Perhaps this was immature of me, but being so throughly disappointed in The Royal We, I went straight to the Christian section of Barnes and Noble and grabbed the first royal wedding looking book I could find. I wanted a clean, modern romance that happened to have a prince and palaces and love and maybe even a little morality.
Once Upon A Prince was all of those things. It was exactly what I wanted. It was refreshing to read a love story without worrying that there would be sex on every page. The developing relationship focused on exactly that, the relationship, rather than the physical attractions. Though those of course were present, they weren’t the foundation of everything. Here’s something you’ll never see in the regular fiction section – both the hero (Prince Nathaniel) and heroine (Susanna Truitt) wanted Christ as the cornerstone for their marriage. Cue the Hallelujah Chorus!
Basic plotline: Prince Nathaniel, soon-to-be king of small Brighton Kingdom, seeks solitude and refuge in Georgia, of all places, and finds love in the form of Susanna instead. She doesn’t know who he is at first, but falls for him anyway even after his identity is revealed. They try to fight their feelings because of a silly law that forbids Nathaniel from marrying a foreigner. It’s a very archetypal plot, but if you’re looking for a charming romance and easy read, this is your novel.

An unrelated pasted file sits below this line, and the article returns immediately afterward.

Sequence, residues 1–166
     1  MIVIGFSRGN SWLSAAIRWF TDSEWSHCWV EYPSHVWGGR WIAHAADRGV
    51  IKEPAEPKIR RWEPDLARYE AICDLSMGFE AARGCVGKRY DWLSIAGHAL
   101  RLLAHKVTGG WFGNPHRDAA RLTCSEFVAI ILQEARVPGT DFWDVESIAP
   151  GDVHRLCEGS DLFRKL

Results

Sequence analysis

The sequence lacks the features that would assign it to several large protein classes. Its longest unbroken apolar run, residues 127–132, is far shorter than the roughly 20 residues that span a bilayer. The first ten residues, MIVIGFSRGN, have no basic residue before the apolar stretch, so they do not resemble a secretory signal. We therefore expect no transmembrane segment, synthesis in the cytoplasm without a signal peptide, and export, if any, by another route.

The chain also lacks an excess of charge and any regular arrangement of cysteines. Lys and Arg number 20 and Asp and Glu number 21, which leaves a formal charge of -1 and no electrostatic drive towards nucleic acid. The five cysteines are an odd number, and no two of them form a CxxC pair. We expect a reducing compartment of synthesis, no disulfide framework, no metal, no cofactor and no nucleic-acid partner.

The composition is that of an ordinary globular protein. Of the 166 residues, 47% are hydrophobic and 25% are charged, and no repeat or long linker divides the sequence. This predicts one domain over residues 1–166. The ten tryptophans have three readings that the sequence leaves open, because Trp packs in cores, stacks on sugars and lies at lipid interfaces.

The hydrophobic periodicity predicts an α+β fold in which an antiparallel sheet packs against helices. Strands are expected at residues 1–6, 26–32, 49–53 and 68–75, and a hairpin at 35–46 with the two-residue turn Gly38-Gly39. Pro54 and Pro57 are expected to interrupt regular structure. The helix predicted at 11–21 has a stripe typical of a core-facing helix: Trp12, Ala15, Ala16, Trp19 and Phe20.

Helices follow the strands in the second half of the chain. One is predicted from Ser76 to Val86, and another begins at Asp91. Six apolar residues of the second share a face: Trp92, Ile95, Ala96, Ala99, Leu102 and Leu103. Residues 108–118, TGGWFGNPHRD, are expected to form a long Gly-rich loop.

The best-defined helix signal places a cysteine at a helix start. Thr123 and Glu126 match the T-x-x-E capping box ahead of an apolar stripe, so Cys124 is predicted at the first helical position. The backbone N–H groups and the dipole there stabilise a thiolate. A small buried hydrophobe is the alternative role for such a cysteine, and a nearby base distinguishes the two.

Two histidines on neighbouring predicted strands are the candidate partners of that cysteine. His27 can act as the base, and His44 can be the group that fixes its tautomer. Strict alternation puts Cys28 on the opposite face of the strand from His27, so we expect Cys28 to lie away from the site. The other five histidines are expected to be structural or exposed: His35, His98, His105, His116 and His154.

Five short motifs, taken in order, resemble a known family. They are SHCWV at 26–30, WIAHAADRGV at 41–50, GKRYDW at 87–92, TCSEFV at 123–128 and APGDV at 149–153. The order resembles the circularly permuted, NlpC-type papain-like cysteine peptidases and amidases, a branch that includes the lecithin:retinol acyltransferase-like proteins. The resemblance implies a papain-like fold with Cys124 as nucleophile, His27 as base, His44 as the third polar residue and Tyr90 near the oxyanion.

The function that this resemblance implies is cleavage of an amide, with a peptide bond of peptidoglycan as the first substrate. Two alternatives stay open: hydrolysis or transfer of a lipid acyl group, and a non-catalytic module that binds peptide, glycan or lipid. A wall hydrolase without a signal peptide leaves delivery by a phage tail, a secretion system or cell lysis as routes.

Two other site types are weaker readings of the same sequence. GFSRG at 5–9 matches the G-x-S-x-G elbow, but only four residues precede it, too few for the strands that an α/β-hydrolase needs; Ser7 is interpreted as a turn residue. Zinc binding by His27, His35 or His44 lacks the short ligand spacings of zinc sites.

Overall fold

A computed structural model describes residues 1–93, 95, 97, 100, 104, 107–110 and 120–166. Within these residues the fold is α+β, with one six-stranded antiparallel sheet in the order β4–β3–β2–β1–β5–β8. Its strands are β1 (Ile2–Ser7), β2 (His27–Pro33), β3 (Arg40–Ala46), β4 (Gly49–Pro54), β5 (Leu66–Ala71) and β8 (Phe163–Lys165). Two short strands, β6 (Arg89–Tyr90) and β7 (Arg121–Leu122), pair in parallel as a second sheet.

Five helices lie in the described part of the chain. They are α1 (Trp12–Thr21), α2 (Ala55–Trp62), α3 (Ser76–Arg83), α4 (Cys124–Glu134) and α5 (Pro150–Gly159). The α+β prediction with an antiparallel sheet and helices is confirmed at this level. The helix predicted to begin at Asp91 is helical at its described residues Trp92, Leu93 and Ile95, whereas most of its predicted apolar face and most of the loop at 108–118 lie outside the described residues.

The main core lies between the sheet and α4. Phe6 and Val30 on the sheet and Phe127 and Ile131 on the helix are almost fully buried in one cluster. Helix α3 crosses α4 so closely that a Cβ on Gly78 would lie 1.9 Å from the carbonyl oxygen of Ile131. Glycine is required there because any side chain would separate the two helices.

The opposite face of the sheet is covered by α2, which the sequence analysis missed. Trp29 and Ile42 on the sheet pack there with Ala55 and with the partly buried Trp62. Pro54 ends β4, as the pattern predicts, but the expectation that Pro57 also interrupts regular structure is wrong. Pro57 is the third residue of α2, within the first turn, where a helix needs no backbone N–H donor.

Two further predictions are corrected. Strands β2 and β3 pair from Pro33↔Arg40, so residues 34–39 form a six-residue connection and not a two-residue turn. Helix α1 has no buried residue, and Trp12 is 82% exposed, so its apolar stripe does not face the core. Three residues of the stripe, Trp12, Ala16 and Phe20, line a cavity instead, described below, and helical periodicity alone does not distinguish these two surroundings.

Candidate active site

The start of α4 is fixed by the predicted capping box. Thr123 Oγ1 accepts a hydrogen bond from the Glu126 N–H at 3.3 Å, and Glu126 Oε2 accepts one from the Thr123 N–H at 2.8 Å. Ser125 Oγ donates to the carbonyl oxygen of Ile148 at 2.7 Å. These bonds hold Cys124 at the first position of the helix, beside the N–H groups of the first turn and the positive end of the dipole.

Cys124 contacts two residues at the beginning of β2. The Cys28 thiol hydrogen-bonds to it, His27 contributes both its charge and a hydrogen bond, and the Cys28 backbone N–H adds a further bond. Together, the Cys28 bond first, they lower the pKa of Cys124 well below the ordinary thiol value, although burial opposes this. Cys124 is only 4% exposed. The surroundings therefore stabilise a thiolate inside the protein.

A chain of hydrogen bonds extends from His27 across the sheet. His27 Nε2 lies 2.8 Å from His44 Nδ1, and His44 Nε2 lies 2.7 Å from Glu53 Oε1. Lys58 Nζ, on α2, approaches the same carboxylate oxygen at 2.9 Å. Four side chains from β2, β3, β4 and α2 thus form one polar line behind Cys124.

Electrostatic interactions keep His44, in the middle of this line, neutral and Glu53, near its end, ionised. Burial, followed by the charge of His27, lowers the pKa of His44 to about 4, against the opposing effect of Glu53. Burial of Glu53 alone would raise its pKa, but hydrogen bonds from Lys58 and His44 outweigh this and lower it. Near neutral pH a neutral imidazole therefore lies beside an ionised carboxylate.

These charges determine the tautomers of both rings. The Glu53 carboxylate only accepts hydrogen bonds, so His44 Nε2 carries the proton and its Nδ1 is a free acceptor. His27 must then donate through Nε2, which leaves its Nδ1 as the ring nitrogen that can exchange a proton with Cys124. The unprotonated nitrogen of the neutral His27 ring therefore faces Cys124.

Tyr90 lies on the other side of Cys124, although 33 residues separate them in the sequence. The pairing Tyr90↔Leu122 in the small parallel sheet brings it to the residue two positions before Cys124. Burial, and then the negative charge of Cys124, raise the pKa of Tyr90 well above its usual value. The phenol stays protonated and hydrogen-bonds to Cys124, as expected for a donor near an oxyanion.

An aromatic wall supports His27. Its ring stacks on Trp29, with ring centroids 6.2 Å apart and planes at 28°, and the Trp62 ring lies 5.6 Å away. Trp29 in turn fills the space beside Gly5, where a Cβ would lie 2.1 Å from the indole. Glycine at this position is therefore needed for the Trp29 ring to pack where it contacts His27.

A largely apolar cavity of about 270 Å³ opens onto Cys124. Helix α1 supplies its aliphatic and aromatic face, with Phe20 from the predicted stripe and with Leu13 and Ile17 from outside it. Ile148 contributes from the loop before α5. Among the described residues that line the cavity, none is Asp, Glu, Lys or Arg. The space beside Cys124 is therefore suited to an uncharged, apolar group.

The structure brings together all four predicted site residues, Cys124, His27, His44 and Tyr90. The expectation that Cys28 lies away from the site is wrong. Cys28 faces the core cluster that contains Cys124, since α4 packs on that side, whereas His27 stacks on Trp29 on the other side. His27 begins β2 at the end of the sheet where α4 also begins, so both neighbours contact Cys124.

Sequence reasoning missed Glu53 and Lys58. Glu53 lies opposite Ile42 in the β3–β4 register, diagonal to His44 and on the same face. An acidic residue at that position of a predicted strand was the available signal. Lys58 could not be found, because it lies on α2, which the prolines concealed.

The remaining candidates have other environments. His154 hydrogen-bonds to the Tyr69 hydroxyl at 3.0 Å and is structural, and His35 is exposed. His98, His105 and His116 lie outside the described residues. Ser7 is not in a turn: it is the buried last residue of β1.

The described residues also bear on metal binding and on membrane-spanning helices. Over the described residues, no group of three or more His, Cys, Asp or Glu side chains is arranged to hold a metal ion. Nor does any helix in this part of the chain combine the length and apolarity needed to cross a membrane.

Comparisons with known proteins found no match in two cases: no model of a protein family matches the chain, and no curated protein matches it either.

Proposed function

Downsides: In addition to the plot, all characters are archetypal as well as a bit flat. It didn’t bother me too much because it’s not an incredibly deep story with an incredibly deep message – so no one was supposed to be deep. But I would have appreciated a little more variety.
Also, being that the publisher is Zondervan, one of the premier Christian publishers, most of the references to God or Christ or religion comes off very preachy. You know, like a “Pa-raise Jesus!” sort of way. Got a little annoying at times, and there were a few minor instances that don’t quite align with Church teaching. HOWEVER, I would rather read that a thousand times more than the sex-saturated books that dominate the industry.
Is it my favorite book? No. Is it exactly what I needed to be reminded that good, fun books do exist? Yes. So thank you, Ms. Hauck. I just liked you on Facebook.